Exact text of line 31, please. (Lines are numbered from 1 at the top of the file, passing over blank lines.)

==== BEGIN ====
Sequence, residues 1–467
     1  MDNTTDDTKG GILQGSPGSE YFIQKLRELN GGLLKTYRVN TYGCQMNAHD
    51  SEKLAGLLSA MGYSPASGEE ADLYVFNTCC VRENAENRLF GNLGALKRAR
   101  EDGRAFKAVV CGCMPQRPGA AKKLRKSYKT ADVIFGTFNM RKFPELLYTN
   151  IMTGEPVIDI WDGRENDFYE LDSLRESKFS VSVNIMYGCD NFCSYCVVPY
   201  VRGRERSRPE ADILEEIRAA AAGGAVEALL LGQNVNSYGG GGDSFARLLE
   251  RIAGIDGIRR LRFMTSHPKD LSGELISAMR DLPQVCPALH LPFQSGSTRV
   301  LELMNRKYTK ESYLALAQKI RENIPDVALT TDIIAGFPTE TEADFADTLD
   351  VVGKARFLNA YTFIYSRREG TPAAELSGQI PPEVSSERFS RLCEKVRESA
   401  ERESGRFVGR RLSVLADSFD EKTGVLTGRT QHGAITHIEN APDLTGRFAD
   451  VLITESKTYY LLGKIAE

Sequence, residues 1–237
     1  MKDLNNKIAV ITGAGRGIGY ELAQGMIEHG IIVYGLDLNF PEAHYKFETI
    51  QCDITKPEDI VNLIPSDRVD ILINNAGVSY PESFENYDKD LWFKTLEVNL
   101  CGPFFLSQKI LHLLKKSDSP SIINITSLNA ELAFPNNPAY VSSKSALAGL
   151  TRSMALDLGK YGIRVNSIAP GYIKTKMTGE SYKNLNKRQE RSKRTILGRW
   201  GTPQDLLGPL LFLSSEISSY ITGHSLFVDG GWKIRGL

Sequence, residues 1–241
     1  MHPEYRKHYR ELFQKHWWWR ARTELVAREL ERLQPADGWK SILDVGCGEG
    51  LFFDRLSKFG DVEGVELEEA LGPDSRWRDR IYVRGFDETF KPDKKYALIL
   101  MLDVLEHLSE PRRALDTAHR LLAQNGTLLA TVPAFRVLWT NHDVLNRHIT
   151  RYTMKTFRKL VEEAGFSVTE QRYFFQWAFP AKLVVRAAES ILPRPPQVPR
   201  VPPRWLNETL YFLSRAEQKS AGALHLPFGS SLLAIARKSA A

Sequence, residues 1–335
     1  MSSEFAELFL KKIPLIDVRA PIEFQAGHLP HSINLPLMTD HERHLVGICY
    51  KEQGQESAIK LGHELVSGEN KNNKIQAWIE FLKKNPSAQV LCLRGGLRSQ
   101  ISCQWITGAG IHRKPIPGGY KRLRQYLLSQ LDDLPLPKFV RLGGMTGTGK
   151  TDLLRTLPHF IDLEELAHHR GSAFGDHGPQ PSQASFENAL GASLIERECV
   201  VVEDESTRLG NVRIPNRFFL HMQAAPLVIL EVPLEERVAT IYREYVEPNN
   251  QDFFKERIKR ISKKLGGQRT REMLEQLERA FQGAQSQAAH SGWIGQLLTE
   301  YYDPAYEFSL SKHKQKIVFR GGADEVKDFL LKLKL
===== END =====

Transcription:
   301  YYDPAYEFSL SKHKQKIVFR GGADEVKDFL LKLKL